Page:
Accessory parts of the uterus; fallopian tubes and ovaries.
Absence of menstrual flow.
Surgical puncture with a needle to withdraw fluid from within the amniotic sac.
Innermost membranous sac surrounding the developing fetus.
Fluid contained within the amniotic sac surrounding the fetus.
Not accompanied by ovulation (release of eggs from the ovary).
Dark, pigmented area surrounding the breast nipple.
Two small mucus-secreting glands near the opening of the vagina to the outside of the body.
Procedure for turning the fetus so that its head is the presenting part to enter the birth canal first.
Necklike, lower portion of the uterus.
Outermost membrane surrounding the developing fetus. It forms the fetal part of the placenta.
Pertaining to the chorion.
Sensitive erectile tissue, outside the body in front of the opening of the female urethra.
Visual examination of the vagina using an endoscope
Yellow glandular mass formed by an ovarian follicle that has matured and discharged its ovum. It secretes progesterone to maintain pregnancy.
Region in the lower abdomen between the uterus and the rectum.
Surgical (needle) puncture of the cul-de-sac to remove fluid for analysis and diagnosis of disease.
Painful, difficult menses (menstruation).
Painful sexual intercourse.
Stage in prenatal development from two to six weeks.
Inflammation of the inner lining of the cervix (lower, necklike portion of the uterus).
Inflammation of the inner lining of the uterus (upper portion).
Inner, mucous membrane lining of the uterus.
Incision of the vulva (perineum) to widen the opening of the vagina during a difficult childbirth.
Ovarian hormone that promotes female secondary sex characteristics and sexual development.
One of a pair of ducts through which the ovum travels to the uterus (oviducts or uterine tubes).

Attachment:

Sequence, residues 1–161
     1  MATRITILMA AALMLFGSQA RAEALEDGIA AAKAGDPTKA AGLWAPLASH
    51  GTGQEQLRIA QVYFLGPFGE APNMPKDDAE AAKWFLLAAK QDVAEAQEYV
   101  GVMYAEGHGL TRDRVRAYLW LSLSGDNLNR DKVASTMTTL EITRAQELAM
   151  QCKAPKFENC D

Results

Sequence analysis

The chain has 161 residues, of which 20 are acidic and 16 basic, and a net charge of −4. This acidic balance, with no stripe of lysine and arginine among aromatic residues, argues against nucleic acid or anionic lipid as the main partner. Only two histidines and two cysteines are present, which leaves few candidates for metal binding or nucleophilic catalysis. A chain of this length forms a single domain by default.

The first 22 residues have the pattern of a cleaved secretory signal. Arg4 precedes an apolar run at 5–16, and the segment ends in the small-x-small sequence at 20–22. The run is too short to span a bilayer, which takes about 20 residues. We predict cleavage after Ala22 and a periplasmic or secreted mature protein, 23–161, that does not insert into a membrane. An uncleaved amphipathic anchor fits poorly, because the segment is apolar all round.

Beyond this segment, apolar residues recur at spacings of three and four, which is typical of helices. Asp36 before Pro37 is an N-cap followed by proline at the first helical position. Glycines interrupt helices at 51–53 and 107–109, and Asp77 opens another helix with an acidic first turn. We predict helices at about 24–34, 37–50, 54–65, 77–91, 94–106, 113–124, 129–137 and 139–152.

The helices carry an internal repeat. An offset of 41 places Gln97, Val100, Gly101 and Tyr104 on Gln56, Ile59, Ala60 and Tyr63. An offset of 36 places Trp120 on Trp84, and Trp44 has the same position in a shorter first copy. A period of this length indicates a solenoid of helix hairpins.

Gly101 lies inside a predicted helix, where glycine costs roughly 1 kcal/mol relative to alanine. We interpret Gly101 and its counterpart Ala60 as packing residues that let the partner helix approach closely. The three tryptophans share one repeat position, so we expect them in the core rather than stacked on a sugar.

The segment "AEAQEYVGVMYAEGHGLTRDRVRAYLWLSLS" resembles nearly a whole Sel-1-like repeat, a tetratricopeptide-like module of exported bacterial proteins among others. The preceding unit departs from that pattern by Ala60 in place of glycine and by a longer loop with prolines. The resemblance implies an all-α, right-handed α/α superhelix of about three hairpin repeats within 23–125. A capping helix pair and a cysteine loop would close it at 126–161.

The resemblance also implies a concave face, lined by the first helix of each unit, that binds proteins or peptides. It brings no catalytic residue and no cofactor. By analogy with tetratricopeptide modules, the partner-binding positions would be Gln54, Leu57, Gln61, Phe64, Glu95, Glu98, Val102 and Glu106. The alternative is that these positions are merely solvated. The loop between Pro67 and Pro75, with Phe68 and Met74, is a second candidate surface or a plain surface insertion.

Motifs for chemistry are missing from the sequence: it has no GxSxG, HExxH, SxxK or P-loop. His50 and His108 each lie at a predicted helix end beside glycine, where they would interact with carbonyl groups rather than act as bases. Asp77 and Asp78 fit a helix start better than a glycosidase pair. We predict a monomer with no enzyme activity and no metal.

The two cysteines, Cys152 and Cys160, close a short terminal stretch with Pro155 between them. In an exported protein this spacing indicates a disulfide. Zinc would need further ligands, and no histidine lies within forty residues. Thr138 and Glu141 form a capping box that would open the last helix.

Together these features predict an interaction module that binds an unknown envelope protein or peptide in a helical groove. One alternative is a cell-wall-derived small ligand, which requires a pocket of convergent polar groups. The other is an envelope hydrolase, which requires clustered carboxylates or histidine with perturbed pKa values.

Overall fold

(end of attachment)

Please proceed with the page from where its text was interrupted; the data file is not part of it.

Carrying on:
Union of the egg (ovum) and sperm cell.
Manner in which the fetus enters the birth canal.
Stage in prenatal development from 8 to 39 or 40 weeks.
Finger or fringe-like ends of the fallopian tubes.
Follicle-stimulating hormone (FSH)
Secreted by the pituitary gland to stimulate maturation of the egg cell (ovum)
Excessive or abnormal secretion of milk after breast-feeding has ended.
Reproductive cell (ovum or sperm cell).
Reproductive organs (genitals).
Nine-month period during which a fertilized egg cell develops into an infant; pregnancy.
Female or male reproductive organ that produces sex cells and hormones.
Study of the female reproductive organs, including the breasts.
Female-like breast enlargement in a male.
Human chorionic gonadotropin
Secreted by the placenta to sustain pregnancy.
Mucous membrane partially or completely covering the opening to the vagina.
Removal of the uterus.
Visual examination (endoscopic) of the uterus.
Intrauterine device (IUD)
Device inserted by a physician into the uterus to prevent pregnancy.
Shrinking of the uterus (womb) to its normal size after childbirth.
Lips of the vagina.
Production of milk.
Tubes that carry milk throughout the breast.
White to yellow discharge from the vagina.
Luteinizing hormone (LH)
Secreted by the pituitary gland to promote ovulation.
Pertaining to the breast.
Nipple of the breast.
Surgical repair of the breast (augmentation or reduction surgery).
Removal (excision) of a breast.
Inflammation of a breast.
Beginning of the first menstrual period (menses).